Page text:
Candido Portinari – 5 paintings that reflect the unique characteristics of the Brazilian people

Candido Portinari was the painter of Brazil. This statement refers not only to his nationality, but also to his work.

During his life, the painter portrayed the soul of the country in which he was born.

Get to know him with Rute Ferreira.

Candido Portinari auto retrato

Self-portrait, 1957

Candido Portinari

Candido Portinari (1903-1962) was born in Brodowski, a small city in the state of São Paulo. He was a son of Italian immigrants who came to Brazil at the end of the 19th century to work on a coffee farm.

At the age of 15, he began his formal art education in Rio de Janeiro. At 25, he received an award that allowed him to spend a year studying in Europe.

Candido Portinari paintings

People often say that when we leave home, we realize how much we love it. It might be true.

It was during his travel to the other side of the ocean that Portinari decided to be the painter of his home country.

While in Europe, Portinari came across such avant-garde movements like Expressionism and Cubism, and the painting technique developed by him was perfectly on par with other modernist tendencies.

The artist was known for producing the War & Peace panel, which later became a gift from the Brazilian government to the United Nations.

Next, we present his five paintings which will show you the beauty of his work.

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1. Dance in the countryside (1924)

This painting was produced when Portinari was 20 years old and it was the first painting that he had ever sold. It was already a harbinger of what would be the artist’s future aesthetic choice.

We can see here Portinari’s portrayal of a typical party in his city. It’s a simple party, with dancing and music by a local band.

2. Coffee bean mowers (1935)

Candido Portinari 2. Coffee bean mowers (1935)

Since he was born on a coffee farm, it recurringly featured in his work.

In this painting, he portrays the daily hard work performed by women and men at a coffee plantation in his city. It is a realistic and at the same time a symbolic portrait of the time when coffee was the “green gold” of Brazil.

3. Soccer (1935)

Candido Portinari 3. Soccer (1935)

Brazil is not by chance known as the country of soccer.

Whether it’s a small or a large city,  it is not difficult to find children disputing a “pelada”, as the game is known here.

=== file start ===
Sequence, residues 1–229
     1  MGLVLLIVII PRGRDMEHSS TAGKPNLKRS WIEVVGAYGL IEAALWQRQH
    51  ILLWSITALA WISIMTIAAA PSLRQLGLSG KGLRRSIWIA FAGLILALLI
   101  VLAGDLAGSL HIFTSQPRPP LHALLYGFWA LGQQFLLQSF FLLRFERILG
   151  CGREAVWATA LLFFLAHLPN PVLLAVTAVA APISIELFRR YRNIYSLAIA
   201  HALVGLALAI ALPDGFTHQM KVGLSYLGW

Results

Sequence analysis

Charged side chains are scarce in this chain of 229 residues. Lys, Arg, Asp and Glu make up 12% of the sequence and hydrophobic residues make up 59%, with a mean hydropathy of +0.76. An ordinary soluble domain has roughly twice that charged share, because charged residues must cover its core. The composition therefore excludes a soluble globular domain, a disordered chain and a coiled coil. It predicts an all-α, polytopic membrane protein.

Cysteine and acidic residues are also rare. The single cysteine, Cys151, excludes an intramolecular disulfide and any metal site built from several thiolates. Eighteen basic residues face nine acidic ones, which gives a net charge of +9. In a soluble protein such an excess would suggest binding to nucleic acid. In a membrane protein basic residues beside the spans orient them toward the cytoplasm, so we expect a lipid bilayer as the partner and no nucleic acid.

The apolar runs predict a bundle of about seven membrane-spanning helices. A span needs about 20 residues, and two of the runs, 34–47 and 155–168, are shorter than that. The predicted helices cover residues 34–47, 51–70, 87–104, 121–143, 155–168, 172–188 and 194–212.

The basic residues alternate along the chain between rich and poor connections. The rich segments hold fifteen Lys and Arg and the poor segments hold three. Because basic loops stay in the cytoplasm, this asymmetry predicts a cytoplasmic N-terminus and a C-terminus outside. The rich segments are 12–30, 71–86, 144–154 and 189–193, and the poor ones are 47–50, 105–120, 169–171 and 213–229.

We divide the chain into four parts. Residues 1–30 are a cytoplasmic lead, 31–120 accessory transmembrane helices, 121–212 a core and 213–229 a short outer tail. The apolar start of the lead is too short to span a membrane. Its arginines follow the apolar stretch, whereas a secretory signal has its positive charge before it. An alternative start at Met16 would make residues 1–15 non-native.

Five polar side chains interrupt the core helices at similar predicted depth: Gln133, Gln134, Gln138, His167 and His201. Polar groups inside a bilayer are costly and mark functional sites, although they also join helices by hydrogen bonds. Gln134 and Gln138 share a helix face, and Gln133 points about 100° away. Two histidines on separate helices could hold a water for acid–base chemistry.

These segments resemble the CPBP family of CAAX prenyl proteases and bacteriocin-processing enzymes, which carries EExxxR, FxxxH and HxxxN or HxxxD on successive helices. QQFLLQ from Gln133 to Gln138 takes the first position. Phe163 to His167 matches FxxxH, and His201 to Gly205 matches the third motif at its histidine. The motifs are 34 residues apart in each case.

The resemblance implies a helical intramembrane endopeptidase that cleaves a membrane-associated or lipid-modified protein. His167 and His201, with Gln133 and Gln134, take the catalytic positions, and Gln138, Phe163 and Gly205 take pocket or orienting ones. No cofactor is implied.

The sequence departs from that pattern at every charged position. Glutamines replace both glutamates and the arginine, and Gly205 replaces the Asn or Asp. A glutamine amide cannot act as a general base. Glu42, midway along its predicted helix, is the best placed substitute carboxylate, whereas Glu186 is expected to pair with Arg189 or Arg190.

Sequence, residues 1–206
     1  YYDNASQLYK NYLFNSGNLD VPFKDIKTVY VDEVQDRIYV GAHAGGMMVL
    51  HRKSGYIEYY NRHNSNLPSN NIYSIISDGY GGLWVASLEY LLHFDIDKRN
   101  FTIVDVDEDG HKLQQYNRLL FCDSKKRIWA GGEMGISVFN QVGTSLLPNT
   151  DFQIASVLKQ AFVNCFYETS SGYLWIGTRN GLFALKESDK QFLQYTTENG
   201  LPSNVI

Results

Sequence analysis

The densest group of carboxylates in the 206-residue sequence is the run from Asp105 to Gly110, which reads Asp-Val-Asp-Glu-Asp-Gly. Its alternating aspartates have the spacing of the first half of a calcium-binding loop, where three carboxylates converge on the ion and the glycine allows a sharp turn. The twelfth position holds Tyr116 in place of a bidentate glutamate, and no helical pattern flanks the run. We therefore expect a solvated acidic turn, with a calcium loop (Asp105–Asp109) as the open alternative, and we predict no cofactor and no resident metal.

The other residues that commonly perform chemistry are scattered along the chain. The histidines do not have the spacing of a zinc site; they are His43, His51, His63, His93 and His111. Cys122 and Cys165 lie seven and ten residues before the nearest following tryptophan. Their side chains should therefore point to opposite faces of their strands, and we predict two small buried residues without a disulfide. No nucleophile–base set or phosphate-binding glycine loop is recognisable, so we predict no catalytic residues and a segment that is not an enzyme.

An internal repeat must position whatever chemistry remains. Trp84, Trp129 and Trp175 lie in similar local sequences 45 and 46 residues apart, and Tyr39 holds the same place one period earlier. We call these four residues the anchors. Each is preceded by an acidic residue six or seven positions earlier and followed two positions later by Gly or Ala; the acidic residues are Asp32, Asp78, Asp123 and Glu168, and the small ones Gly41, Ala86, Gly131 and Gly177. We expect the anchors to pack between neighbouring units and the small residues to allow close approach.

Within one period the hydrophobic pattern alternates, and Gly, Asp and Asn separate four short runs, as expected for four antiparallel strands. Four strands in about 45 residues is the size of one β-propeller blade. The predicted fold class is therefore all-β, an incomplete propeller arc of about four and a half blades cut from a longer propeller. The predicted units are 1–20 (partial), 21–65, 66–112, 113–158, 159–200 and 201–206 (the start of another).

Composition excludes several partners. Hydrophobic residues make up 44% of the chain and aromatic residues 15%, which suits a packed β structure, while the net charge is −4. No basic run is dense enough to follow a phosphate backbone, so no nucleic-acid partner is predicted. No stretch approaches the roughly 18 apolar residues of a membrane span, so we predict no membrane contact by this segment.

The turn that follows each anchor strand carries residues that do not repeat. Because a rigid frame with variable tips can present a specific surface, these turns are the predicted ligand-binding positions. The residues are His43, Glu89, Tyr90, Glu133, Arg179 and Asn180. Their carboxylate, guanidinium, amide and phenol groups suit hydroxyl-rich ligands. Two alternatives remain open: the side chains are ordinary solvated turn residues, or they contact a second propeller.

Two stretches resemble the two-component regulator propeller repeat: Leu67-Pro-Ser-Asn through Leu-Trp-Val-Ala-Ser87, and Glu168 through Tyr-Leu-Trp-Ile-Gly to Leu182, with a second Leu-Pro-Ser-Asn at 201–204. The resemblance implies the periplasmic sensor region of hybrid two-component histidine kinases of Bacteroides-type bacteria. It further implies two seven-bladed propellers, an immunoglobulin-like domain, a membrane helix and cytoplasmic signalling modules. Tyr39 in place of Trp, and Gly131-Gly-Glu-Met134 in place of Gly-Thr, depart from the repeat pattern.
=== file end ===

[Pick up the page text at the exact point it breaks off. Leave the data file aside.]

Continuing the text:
Portinari portrays this in this painting which probably is a memory of his own childhood in Brodowski.

4. Chorinho (1942)

Candido Portinari 4. Chorinho (1942)

The choro, or chorinho, is a very popular Brazilian rhythm. It emerged around the nineteenth century and its unique sound was composed of a flute, guitar and cavaquinho.

Portinari portrayed the musicians together but in other paintings, he also painted each one separately. In this work, it is already possible to perceive a profound influence of Cubism on his style.

5. Dead Child (1944)

Not only did Portinari focus on music and games, he also portrayed suffering: the painting Dead Child is one of the most painful representations of a phenomenon widespread in the artist’s time: the rural exodus.

At the time, it was common for people living in the north-eastern part of the country, a region which was deeply affected by the lack of water, to seek better living conditions on the other side of the country.

The walk was difficult and poverty was extreme. Some died on the way, especially children and animals.

The painting, intensely dramatic, shows the death of a child and the pain of loss in his family.

Portinari died in 1962 for intoxication by the inks. His work is a portrait of his country and its own unique artistic language. He should definitely be considered the painter of Brazil.

Get to know some of Portinari paintings in the next video

To know more about Portinari paintings - Project Portinari.

Images Source - Wikiart.

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Rute Ferreira

I am an art teacher with a background in theater, art history and museology. I’m also specialized in Distance Education and I work in basic education. I write regularly on the Citaliarestauro.com blog and the Dailyartmagazine.com. I firmly believe that the history of art is the true history of humanity.

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